As Democrats and Republicans duke it out over their party's nomination, one candidate has stood apart from the rest—and not for good reason.
In an article written earlier this semester, I made the comparison between Donald Trump and Adolf Hitler; a comparison many have made but some believe as offensive. Millions of immigrants and minorities living in the U.S. live in fear of this comparison playing out. This comparison should be discussed further from a psychological perspective.
One can carefully compare these two men while also comparing their followers in the same way. With that said, the average German citizen in Nazi Germany could be compared to Trump's supporters today.
Hitler was known for his ability to captivate the crowds with his speeches. In a 1939 speech before the Reichstag in Berlin, Hitler spoke about the dangers of Jewish citizens in Germany. He proclaimed, "Anything that is obviously unimportant or even harmful to the existence of the community is not to be recognized as a moral code on which a social order can be built up." The Jews living in Germany were not only considered worthless by Hitler, but also considered harmful enough to Germany's citizens that they should not be recognized.
Does that sound familiar? It should.
Trump was recently quoted on the topic of Muslims in the U.S.: "We're gonna have to figure it out. We can't live like this. It's going to get worse and worse." The commonality that lies within both persons is a critique of an ethnic group, blaming them for problems that are either discussed as one-sided or problems of racism. No solution is offered, other than stopping "the other" from entering the country. Not only do both of these men generalize a problem that only exists in racial context, but neither one poses a plausible solution (other than eradication).
After World War I, Germany was in massive turmoil. The Marshall Plan (put in place by the U.S. government) ensured that American production increased, but with the goal of rebuilding Europe. What most don’t know is that it was at Germany’s expense. Not only did this shatter their economy, but it left them in a desperate enough position to move someone like Hitler into power.
The U.S. isn’t in as bad of a place economically as Germany was after WWI, but we do have some major social issues to work out: the middle class is disappearing, the Black Lives Matter movement is pushing for reformed civil rights, and pent-up xenophobia is expressing itself. When someone like Trump comes in the middle of all these problems and quickly assigns blame on anyone who isn't white and in power, members of the majority feel safe.
“I would never let something like the Holocaust happen again,” some say. While that may be true, if you and I would never give our allegiance to someone like Trump, then who would?
In a recent rally in Orlando, FL, Trump asked his supporters to pledge their alliance by raising their hands. What this mirrors at a certain angle barely needs an explanation. We all know that Trump is using fear to aid in his presidential candidacy bid. We also know that it can only go so far. A large contributor to this are his supporters—more importantly, how this rhetoric effects them.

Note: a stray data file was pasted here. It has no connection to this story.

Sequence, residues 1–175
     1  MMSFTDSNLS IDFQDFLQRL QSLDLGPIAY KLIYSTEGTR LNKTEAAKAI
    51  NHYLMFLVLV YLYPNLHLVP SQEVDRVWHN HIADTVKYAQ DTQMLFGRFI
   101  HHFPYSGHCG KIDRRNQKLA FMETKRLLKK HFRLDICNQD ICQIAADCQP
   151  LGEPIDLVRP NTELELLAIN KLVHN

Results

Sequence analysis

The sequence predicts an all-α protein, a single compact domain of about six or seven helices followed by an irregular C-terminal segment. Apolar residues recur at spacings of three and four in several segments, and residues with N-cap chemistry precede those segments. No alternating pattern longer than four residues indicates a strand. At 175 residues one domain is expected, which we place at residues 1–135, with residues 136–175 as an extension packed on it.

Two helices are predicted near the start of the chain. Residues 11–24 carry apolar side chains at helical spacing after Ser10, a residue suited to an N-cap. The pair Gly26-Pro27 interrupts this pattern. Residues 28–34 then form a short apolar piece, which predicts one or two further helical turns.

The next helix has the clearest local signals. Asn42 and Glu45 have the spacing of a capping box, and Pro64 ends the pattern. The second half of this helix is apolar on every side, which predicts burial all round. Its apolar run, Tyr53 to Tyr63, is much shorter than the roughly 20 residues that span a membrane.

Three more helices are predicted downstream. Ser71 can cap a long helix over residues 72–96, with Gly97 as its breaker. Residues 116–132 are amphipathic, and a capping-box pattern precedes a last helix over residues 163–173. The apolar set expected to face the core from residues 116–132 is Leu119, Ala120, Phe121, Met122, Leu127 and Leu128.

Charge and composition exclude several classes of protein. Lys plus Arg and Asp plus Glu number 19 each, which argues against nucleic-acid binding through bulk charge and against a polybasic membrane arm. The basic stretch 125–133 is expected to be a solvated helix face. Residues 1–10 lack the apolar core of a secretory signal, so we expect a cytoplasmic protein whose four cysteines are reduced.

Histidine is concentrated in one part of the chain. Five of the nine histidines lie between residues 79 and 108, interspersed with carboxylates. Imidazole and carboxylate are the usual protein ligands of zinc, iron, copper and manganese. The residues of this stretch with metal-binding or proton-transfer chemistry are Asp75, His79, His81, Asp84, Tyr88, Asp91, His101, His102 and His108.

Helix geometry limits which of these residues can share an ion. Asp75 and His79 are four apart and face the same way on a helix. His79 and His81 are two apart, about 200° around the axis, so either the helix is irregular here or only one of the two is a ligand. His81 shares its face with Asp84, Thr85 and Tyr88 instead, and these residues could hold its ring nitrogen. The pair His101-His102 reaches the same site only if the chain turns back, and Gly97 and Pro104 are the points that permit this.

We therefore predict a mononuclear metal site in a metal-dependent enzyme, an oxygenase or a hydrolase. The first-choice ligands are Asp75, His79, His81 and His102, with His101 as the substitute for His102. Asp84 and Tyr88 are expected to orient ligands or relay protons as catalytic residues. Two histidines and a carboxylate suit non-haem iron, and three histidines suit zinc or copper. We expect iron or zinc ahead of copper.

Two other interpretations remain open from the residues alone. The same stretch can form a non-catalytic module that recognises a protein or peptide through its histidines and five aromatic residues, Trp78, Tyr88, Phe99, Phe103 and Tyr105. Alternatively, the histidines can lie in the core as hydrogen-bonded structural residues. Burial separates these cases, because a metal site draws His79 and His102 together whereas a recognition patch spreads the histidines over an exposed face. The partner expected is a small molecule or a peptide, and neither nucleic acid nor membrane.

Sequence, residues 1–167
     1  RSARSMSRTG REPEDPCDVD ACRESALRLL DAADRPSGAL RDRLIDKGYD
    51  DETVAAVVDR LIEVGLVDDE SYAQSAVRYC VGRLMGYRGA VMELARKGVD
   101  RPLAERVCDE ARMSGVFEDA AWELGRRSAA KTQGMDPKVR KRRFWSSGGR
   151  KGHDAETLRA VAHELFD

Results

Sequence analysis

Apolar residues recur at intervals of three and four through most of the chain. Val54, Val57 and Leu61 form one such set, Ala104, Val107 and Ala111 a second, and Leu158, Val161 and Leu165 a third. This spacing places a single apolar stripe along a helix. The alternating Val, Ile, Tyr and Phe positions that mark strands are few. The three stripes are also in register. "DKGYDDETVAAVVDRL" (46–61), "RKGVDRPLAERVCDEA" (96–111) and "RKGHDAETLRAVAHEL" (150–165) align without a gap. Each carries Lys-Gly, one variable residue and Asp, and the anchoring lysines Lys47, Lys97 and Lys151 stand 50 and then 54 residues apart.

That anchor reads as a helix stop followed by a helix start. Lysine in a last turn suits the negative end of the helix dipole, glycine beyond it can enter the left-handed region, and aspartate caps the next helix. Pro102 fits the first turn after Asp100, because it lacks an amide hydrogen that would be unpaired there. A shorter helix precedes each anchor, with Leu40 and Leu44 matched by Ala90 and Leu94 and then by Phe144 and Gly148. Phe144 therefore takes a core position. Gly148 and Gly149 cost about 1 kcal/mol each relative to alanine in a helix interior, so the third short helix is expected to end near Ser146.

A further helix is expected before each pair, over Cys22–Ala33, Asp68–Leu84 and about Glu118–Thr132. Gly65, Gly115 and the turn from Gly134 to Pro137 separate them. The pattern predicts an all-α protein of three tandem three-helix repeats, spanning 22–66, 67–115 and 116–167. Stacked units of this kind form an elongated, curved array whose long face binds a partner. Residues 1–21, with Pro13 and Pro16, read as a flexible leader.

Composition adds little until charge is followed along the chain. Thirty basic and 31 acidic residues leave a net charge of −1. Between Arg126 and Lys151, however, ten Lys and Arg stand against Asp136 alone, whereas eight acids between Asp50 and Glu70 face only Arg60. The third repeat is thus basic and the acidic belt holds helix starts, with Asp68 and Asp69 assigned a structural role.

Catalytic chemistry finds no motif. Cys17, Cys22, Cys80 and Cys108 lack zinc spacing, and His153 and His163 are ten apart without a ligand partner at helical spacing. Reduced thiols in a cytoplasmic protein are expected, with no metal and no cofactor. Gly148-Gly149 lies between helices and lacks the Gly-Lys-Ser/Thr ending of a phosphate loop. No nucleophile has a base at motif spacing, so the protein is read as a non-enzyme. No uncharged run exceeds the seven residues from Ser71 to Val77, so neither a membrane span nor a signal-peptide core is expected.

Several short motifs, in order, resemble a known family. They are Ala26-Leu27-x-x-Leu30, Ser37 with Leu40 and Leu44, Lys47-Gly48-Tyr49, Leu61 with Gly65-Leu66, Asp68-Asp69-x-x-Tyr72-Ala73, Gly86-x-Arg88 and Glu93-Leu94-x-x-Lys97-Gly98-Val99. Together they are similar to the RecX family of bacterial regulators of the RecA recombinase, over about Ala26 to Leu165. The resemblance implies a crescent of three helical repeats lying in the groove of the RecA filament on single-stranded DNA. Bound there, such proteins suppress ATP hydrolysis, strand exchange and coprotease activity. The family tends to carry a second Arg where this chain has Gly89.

The Milgram Experiment, an experiment on obedience to authority figures, was a series of social psychology experiments conducted by Yale University psychologist Stanley Milgram. I won't explain the experiment in detail, but the average person was convinced to administer lethal shocks to a stranger. This experiment proved that most people would kill another under the guise of authority, assuming that the blame would go to the one dictating actions.
Most members of Nazi Germany were average folk attempting to restore power to Germany by taking commands to commit murder from authoritative figures. Trump is instigating fights at his rallies, making accusations of harm and fear based off emotion rather than logic. At his rallies, he insinuates that the big and scary Muslims are going to take away the freedom “our boys” fought so hard to obtain. Trump is manipulating the masses—arguably the same way Hitler manipulated Nazi Germany—by fueling an irrational hate of Muslims and immigrants.
Here we are in 2016. We have too many educated people to collectively allow this, right?
Deindividuation is a concept in social psychology used to explain the loss of self-awareness in groups. In other words, they way one thinks, acts, and feels changes within a group setting. As Trump gains more power and supporters, the population becomes more susceptible to deindividuation. Not everyone in Germany agreed with Hitler but they followed him, arguably because conformity was more comfortable and safer.
I will say, Hitler's rise to power cannot be closely compared to Trump’s. On one hand, Hitler started from arguably nothing, fought in World War I, then slowly and methodically worked his way to power. On the other, Trump received a “small loan” of $1 million from his father to start a business.
Regardless, the similarities between the two is not to be ignored. If you have gotten to this point of the piece and still believe that Trump is not comparable to Hitler, let me leave you with one more thing to think about. As a young, white male, I will never know what it’s like to be subjugated to unfair treatments. Thanks to my friends, I get a taste. I see horror in their eyes when they discover that Trump has won another state. I hear it in their voices when they say, "This isn't funny anymore." I feel it on my shoulders when they cry. “If Trump becomes president, I will die,” said one friend.
While White America does not see what all others do, this joke has gone on long enough. It’s now a nightmare for many members of the U.S., quickly becoming a reality. Donald Trump has a plan to "Make America Great Again,” when really, it’s a plan to make America hate again.